Let's be honest with ourselves: push notifications suck. It's incredibly annoying when you are spammed information that isn't relevant to you. As irritating as it is, notifications are fundamental to a product's usability and necessary for a good user experience (when done right). To increase engagement, designers came up with notification badges, a subtle way to hint that something is waiting inside the app. Google eventually adopted this concept with Android Oreo using notification dots, and it looks like Google wants to bring notification dots to apps on your Chromebook as well.
Are you tired of hunting for your files? Let's be honest: diving deep into a labyrinth of folders to find essential files is super frustrating. Using the files manager's search function is cumbersome, and, if you're like me, you're probably annoyed how much valuable time is wasted clicking and searching. The developers at Google realized that people care about getting their tasks done efficiently, so they tackled the clicking problem head-on to see if they could limit the number of clicks people make to get to their important files. We finally have an early preview of their solution.
Xbox Game Streaming officially launched yesterday, allowing you to stream nearly 200 Xbox games to your Android phone or tablet. The service has yet to launch on any other platforms, and Microsoft is sticking hard to the mobile requirement — despite their ability to run Android apps, both Chromebooks and Android TV are unsupported.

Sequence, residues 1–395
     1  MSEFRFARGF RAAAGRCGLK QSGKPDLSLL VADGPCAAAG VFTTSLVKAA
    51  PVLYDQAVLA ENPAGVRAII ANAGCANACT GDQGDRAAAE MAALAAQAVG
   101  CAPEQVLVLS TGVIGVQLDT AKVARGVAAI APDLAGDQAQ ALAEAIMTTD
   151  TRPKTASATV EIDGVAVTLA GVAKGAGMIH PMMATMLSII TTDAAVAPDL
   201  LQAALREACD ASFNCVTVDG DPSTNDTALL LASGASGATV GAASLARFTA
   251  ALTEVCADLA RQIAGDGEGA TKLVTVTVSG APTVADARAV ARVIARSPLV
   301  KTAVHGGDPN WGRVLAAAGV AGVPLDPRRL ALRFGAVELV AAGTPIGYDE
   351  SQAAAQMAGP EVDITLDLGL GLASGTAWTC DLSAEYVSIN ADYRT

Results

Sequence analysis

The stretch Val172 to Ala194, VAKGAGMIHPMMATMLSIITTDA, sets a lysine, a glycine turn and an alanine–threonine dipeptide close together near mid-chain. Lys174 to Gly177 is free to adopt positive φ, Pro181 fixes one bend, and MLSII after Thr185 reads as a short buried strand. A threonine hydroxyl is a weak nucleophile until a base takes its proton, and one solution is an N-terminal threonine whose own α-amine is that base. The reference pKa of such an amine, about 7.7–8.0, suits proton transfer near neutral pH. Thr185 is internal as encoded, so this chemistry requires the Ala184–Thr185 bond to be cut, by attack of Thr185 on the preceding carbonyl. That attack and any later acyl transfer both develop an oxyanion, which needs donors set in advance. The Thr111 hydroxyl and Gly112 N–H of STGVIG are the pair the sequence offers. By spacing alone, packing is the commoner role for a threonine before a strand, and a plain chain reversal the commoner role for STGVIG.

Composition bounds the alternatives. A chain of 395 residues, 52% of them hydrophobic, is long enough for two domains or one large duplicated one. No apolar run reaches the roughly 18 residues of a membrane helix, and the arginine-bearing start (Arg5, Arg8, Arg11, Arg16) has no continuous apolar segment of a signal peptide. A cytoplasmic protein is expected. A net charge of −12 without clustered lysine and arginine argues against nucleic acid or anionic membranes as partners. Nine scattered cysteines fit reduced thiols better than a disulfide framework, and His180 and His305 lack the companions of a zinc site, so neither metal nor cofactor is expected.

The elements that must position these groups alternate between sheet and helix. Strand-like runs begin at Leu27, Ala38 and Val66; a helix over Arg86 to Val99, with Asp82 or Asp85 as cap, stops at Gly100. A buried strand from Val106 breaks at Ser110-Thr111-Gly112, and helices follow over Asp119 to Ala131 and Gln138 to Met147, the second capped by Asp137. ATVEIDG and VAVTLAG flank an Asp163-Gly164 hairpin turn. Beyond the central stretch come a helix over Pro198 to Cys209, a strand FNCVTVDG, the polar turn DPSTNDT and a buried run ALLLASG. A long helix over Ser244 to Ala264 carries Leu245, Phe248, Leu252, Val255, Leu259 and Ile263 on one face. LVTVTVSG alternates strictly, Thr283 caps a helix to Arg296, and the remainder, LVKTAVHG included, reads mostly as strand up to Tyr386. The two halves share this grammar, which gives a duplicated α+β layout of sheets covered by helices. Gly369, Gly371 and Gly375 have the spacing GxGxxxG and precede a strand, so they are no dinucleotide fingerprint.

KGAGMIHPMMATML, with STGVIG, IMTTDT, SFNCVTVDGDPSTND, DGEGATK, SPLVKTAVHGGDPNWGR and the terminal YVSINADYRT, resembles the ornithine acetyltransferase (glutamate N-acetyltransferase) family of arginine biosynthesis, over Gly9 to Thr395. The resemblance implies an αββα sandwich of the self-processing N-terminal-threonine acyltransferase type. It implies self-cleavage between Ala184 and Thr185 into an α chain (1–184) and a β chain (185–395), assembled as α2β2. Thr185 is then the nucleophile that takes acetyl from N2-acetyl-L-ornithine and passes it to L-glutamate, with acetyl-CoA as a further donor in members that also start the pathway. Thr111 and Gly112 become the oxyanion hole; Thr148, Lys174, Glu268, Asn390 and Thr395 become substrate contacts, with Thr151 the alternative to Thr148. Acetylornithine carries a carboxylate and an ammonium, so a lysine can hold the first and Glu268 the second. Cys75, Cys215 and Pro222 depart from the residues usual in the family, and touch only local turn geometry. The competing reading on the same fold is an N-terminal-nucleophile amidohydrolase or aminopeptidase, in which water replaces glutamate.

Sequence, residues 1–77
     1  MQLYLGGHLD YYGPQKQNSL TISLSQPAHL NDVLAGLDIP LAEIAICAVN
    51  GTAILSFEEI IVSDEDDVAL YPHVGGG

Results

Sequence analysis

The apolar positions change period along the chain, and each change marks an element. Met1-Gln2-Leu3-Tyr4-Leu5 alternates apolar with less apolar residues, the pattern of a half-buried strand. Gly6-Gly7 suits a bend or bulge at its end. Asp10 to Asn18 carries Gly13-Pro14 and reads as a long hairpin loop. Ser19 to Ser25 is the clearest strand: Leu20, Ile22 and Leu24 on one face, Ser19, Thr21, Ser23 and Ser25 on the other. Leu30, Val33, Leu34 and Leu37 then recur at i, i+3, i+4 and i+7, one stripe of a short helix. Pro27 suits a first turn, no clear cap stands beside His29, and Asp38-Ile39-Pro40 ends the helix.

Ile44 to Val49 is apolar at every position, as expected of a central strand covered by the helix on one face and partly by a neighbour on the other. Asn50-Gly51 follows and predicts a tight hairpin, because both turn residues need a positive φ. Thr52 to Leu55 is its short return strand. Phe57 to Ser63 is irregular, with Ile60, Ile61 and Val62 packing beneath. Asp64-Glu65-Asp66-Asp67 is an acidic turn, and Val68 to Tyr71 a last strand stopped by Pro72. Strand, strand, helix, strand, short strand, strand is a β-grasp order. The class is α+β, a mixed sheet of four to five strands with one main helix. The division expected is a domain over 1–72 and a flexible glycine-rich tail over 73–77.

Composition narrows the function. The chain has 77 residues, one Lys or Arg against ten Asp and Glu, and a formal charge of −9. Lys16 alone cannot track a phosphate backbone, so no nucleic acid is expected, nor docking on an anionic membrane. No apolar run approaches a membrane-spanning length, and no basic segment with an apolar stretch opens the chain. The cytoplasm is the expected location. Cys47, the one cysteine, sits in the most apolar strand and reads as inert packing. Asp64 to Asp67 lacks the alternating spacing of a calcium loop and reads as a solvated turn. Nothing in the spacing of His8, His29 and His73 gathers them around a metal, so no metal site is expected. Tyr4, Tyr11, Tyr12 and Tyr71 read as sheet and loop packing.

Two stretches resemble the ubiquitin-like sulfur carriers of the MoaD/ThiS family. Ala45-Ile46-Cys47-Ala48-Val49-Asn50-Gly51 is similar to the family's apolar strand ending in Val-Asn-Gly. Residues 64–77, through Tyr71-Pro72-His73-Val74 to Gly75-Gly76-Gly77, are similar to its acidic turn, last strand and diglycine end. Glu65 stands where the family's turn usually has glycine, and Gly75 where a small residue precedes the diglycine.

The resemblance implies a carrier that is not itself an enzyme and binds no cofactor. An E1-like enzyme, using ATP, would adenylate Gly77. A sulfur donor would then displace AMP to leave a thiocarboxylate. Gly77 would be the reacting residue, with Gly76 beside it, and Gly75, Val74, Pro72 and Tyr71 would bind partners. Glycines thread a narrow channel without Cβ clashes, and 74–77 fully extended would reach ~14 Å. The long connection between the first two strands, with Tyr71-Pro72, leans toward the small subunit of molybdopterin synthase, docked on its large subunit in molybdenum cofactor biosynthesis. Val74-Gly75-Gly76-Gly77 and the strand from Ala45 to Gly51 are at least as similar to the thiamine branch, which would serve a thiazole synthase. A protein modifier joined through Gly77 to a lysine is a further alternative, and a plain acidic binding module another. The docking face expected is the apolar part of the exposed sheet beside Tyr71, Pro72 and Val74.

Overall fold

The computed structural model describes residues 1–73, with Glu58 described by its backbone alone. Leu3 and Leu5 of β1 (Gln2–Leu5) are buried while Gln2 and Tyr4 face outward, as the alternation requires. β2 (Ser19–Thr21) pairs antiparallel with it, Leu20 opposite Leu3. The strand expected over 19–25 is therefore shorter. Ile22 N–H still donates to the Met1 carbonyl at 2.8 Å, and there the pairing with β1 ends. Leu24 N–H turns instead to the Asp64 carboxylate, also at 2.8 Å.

Nvidia's GeForce Now started with the promise of running all your existing PC games in the cloud, but game studios started pullinggames shortly after the service's launch. GeForce Now is slowly addressing complaints from both customers and developers, and one major criticism — finding out which of your Steam games work on GeForce Now — is now much less of a pain.
If you're the type of person who keeps way too many tabs open across multiple browser windows — looking at you, Ryne Hager — a tab search feature would no doubt come in handy. Thankfully, that's exactly what Google has been working on. A functional version of the feature can be found in the latest Chrome OS 86 dev channel build, which suggests it'll be present in the next stable update.
Google is working on a Phone Hub similar to Microsoft Your Phone that will make your handset interact better with your Chromebook, but the company isn't ready to bring the feature to stable just yet. In the latest release of Chrome OS, version 85, the company instead focuses on many little things that make for an overall better experience: Wi-Fi password sync, improved settings search, and a volume slider for your microphone.
GeForce Now, Nvidia's PC-based cloud gaming platform, is available in beta on Chromebooks beginning today. The service was already playable on PC, Mac, and Android — but Chrome OS, an environment known for both low-power hardware and a lack of high-end games, had previously been a particularly glaring omission. Now, practically any old Chrome laptop can fire up some of the most demanding games out there (provided it's got a strong internet connection).
There's a lot that Spotify can improve in its app's experience, but the most glaring issue for anyone using a larger-screened Android device was the lack of any interface optimization. The phone UI simply stretched to fill the screen, with tiny touch targets and no special consideration given to the larger screen estate. That's changed now as Spotify began rolling out a new tablet-optimized design on Android.